Here are the members of the members of the Beacon Muster (the name of the mission team).
Carey excels at putting the reader inside the minds of these fellow travelers, but he is at his best with Stephen, who is definitely the odd man out in this motley crew. Stephen wants nothing more than to solve this whole fungal plague problem, and he’s pretty sure that he can do it if he can just get out there and observe the hungries up close and personal. Those thoughts lead him to sneak away from Rosie whenever he can. He has invented a special suit that keeps the hungries confused about his exact whereabouts, so he can actually move slowly into their midst and observe them for hours at a time. Then, one day a different kind of creature bursts into a room filled with Stephen and his hungries. She is obviously intelligent, but she has the speed and reflexes of the hungries. Shockingly, she speaks a guttural language, although it is unintelligible to Stephen. As Stephen investigates further, he discovers that the girl is the leader of a large group of similar children who range in age from toddlers to teens. Unfortunately, Stephen can’t tell any of his team members about his new discovery because if he does they would either kill the girl and her friends and/or lock him up inside Rosie for the rest of the trip. Stephen's decision to keep his find a secret will have major ramifications for the future of the mission.
Stephen is the titular boy on the bridge, a literal reference that is explained in the middle of Part II of the book. At that point, he is actually a boy on a real bridge, but he is also—metaphorically—the bridge between the human survivors and the new generation of hungries. Carey provides other bridge metaphors for Stephen. For example, "An eccentric genius, or just an ill-equipped explorer swaying on the rickety rope bridge between sanity and madness?" The soldiers definitely view him as a crazy boy who is a detriment to the expedition, while the scientists mostly ignore him, except for Kahn, who nurtures him like a son. Stephen, in turn, accepts Khan as his one and only friend in the world. Just as The Girl with All the Gifts is a coming-of-age story for Melanie, this novel is a coming-of-age experience for Stephen, who must deal with some harsh and heart-breaking realities before the book comes to its violent end. With his eidetic memory and his total lack of social skills, Stephen reminded me of a post-apocalyptic Sheldon Cooper.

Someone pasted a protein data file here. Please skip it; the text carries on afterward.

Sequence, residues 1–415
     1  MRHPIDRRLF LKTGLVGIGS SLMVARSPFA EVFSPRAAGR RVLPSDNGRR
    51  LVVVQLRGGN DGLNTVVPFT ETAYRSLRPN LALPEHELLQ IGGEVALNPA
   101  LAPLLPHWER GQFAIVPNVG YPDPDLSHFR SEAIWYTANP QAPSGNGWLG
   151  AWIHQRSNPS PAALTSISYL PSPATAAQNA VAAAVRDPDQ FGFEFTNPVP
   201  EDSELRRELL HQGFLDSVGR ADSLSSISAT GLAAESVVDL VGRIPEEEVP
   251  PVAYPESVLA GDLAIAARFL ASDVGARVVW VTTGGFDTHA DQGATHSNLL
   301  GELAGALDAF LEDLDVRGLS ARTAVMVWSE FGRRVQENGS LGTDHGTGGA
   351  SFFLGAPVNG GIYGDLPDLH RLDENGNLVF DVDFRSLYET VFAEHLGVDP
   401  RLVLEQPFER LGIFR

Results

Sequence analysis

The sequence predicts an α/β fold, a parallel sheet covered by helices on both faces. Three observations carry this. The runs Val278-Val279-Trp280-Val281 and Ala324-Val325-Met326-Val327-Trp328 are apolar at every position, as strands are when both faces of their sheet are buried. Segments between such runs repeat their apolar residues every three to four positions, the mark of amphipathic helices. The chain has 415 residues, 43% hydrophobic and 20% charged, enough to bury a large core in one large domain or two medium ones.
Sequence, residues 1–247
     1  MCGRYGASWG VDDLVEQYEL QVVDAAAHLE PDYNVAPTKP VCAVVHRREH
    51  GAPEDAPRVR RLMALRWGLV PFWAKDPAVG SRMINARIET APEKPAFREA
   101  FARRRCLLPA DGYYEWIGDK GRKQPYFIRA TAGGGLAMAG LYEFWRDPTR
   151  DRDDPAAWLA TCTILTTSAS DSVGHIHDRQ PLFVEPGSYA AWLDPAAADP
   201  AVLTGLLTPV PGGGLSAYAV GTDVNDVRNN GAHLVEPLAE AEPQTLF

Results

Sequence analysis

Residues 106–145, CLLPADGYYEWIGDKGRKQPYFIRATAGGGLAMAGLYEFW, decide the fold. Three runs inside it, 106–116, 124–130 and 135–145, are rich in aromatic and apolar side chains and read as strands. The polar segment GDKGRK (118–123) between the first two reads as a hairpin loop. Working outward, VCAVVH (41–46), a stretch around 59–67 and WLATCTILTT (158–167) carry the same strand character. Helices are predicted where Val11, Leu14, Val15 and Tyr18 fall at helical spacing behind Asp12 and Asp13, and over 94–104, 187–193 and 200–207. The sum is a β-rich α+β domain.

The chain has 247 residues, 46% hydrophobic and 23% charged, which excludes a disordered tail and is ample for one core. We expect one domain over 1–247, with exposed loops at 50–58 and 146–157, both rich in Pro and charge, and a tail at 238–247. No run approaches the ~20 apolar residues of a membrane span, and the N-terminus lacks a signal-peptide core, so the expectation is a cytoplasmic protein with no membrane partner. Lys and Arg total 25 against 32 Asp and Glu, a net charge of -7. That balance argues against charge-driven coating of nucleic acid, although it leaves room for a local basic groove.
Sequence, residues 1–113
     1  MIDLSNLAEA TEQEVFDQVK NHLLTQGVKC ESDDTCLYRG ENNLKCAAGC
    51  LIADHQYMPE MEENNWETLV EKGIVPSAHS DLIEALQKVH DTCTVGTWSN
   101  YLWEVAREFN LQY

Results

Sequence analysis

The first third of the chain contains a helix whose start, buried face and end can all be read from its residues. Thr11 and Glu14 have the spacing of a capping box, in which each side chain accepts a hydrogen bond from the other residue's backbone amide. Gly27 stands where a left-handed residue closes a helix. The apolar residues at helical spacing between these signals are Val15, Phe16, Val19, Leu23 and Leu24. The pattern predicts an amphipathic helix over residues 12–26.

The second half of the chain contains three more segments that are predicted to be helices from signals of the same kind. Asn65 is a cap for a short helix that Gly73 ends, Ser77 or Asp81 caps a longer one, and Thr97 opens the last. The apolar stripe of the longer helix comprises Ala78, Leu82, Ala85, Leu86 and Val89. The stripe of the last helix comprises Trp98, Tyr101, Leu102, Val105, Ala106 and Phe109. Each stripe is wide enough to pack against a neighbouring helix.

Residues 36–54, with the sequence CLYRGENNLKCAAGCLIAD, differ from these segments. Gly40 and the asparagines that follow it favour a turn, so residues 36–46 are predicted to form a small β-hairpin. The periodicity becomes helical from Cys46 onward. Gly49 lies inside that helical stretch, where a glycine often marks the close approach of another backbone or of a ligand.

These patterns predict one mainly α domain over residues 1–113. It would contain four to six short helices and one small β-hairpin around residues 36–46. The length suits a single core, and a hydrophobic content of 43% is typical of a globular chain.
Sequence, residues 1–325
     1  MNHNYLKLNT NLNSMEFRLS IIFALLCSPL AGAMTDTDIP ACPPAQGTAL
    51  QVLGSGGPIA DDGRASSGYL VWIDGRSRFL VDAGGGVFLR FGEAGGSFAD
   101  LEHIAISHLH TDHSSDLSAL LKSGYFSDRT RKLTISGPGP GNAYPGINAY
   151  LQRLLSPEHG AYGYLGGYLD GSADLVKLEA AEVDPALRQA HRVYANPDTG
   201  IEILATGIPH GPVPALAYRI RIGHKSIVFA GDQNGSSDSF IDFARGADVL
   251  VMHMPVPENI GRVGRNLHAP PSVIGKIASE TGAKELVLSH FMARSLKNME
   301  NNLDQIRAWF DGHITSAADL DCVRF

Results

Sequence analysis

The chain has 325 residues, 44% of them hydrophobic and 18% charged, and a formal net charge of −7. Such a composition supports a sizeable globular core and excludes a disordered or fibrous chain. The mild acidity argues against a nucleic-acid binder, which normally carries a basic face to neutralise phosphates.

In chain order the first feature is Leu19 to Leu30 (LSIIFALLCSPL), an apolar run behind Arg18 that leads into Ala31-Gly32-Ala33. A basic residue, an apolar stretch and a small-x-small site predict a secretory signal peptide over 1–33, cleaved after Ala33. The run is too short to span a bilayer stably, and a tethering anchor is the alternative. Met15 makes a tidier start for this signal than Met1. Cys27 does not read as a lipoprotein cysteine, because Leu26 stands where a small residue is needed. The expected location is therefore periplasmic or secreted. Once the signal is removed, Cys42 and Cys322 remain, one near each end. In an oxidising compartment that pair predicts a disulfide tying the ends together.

As Carey tells his story, we get to know most of the team members fairly well. The characters who play the most important roles are Stephen, Khan, Carlisle, and McQueen, so they get more print space than the others. Each crew member is compelling, but Stephen is the heart of the story, and we root for him all the way through. As the plot advances, suspense begins to build, beginning with the announcement of Khan’s pregnancy and then the gradual revealing of various secrets about the present behavior and past events for several of the team members.
As dark intrigues play out among some of the Beacon Muster crew, Stephen and Khan take center stage in an emotional finale that will break your heart. Carey has created another powerful story set in the terrifying world that he meticulously created in The Girl with All the Gifts. If you are looking for a brand new take on zombies (although that word is never used here), you need to read both of these books. This novel is a terrifying, emotionally gripping page-turner that you won't want to miss.
FULL DISCLOSURE: My review of The Boy on the Bridge is based on an electronic advance reading copy (ARC) of the book that I received from the publisher through NetGalley in exchange for an honest review. I received no promotional or monetary rewards, and the opinions in this review are entirely my own.